Wednesday, August 09, 2017

Impact fee issue sparks debate at joint meeting (SAR)

St. Augustine Record sent its rookie  education reporter to cover one of the most important meetings of the year.  Why?     Lacking critical thinking skills, this reporter did not quote Tom Reynolds, me, et al. re: unfairness of dictatorial St. Johns County Commission Chairman JAMES KENNETH JOHNS sua sponte refusing to allow public comment after each agenda item.  This deprived us of the ability to respond to the economist's presentation with intelligent comments.

Impact fee issue sparks debate at joint meeting

A consultant hired by St. Johns County is recommending development impact fees increase in almost all categories across the board in order to keep pace with growth.
Commission chair Jimmy Johns said neither board would make any decision at the time on the hot-button issue of whether to change the fee structure levied upon developers and passed onto homebuyers of new residential construction or commercial real estate.
“This is far from a done deal in my mind, as some in the public have suggested,” added Commissioner Henry Dean.
Dean said he and other St. Johns County officials only got the study submitted by consultant James C. Nicholas last week and were still digesting the recommendations contained in that report.
Nicholas, an economist, was retained by the county to calculate the environmental cost of development in six areas of infrastructure: schools, roads, fire and rescue, law enforcement, public buildings, and parks and recreation. 
The county’s impact fees have been adjusted only for inflation since 2011.
St. Johns County was one of the first municipalities in Florida to adopt impact fees beginning in 1987.
“And like most pioneers, you end up with arrows in your back,” Nicholas said.
In his presentation, Nicholas proposed a different fee schedule from the one currently employed. Now, homes up to 1,800 square feet are assessed a total of $9,404 in impact fees. Homes larger than that pay $13,431.
Nicholas’ formula shifts a higher share of the total impact cost to larger residential units by breaking the fee schedule into six categories. A 5,000-square-foot home, for instance, would pay $23,333, up 73 percent, while a unit at 800 square feet or less would pay $8,557, a nine percent reduction.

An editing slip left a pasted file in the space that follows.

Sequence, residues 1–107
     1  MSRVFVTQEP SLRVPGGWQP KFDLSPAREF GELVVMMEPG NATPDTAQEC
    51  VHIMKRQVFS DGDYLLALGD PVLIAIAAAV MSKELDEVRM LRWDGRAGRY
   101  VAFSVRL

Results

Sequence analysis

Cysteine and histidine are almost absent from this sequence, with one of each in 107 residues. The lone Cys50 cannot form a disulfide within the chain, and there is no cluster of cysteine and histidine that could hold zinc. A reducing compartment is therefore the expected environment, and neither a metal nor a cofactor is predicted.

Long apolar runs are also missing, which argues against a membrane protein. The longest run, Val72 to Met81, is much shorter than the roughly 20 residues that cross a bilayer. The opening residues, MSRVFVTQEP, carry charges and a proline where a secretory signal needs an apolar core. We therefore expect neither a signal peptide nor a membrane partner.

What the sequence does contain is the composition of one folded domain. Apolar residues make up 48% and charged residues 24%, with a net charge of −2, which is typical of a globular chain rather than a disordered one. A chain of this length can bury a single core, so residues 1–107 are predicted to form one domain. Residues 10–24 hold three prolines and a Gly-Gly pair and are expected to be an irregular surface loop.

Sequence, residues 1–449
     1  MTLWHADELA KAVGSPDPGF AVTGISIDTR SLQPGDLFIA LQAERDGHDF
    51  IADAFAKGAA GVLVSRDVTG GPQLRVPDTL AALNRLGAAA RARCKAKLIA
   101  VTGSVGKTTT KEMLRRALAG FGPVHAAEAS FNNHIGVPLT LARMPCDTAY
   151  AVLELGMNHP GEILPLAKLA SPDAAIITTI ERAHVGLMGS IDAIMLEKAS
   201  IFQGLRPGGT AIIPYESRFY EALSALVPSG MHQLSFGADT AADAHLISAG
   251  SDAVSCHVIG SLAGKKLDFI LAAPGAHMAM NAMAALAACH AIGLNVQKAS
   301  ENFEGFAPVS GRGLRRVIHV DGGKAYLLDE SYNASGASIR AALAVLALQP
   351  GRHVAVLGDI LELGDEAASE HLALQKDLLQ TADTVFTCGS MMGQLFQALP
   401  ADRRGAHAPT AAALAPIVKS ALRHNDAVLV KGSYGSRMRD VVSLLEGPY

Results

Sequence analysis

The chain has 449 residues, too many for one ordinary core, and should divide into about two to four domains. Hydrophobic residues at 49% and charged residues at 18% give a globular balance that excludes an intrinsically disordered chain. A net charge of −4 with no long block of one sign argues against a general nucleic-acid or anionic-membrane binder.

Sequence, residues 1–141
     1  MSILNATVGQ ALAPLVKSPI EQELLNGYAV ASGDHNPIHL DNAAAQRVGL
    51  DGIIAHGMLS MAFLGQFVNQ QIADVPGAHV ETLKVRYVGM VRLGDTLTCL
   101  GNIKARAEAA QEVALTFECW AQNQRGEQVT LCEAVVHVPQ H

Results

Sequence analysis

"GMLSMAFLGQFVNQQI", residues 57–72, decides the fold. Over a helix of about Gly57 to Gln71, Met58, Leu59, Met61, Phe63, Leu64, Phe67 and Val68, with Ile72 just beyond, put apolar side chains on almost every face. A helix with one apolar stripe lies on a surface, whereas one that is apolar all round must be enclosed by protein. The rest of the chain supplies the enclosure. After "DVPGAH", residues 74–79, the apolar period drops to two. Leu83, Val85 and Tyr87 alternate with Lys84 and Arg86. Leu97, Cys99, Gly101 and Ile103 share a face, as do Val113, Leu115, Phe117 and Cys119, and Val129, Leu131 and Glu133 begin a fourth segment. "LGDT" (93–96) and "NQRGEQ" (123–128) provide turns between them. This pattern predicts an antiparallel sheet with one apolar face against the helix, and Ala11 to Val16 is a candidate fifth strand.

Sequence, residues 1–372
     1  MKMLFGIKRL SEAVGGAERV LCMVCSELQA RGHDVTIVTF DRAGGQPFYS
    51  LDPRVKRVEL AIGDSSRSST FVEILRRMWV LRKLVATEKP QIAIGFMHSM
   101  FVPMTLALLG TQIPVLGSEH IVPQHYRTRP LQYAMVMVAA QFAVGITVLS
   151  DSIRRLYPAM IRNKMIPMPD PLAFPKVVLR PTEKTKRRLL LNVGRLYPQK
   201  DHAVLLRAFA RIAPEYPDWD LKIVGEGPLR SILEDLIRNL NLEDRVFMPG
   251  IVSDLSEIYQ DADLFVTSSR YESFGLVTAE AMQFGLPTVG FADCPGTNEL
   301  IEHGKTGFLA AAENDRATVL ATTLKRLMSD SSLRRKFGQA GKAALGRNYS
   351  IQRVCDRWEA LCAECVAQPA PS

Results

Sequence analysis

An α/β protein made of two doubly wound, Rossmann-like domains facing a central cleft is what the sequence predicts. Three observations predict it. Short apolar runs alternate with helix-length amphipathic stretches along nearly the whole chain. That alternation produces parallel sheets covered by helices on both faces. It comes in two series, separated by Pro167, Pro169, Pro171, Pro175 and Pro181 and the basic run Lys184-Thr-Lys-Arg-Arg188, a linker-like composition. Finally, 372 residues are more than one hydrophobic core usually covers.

However, a 2,000-square-foot home would be assessed a fee of $15,687.
Many of the categories in which the county collects from new residential construction would see an increase if the proposed changes were to be adopted — hence the higher fees for most new homes.
The study, however, contemplates a decrease in school impact fees — from an average of $5,169 to $4,510 — a prospect that drew opposition from speakers at the meeting, some of whom commented on what they saw as an unfair shift of the growth burden from developers on to taxpayers.
St. Augustine resident Linda Oakley questioned why the school district felt the need to pass along a half-cent sales tax to county residents in order to accommodate an increase in students and alleviate overcrowded facilities just to have the county consider lowering school impact fees.
But Jessie Spradley said it wasn’t additional profits that developers sought in maintaining or lowering impact costs.
“These are hardworking folks who are trying to make a living,” said Spradley, who represents the Northeast Florida Builders Association. “This will hurt them if you increase fees.”
Nicholas said it was completely at the discretion of the county to adopt the impact fee amounts recommended by the report, or to lower them.
But, he added, those fees had to be distributed in a “proportional share” of true costs and they were not to be considered a tax, but a one-time charge to help support the infrastructure needs of growth.
The county levies school impact fees on behalf of the district. A formal recommendation by the school board, as well as public workshops and hearings by both boards, will need to take place before commissioners vote on impact fees.
School board president Tommy Allen called the first presentation Tuesday the beginning of a “fact-finding” mission.
Fellow board member Kelly Barrera said she considered the school board’s job to be educating children, with the county handling issues of growth and capacity.
Dean said at this point he favored lower impact fees for new commercial development in order to encourage more economic development in the region. Decisions about impact fees were never easy, Johns said.
“Raising the fees hurts someone, decreasing them hurts someone else,” Johns said. “What we’re trying to do is balance these out to have a net positive effect on everybody.”

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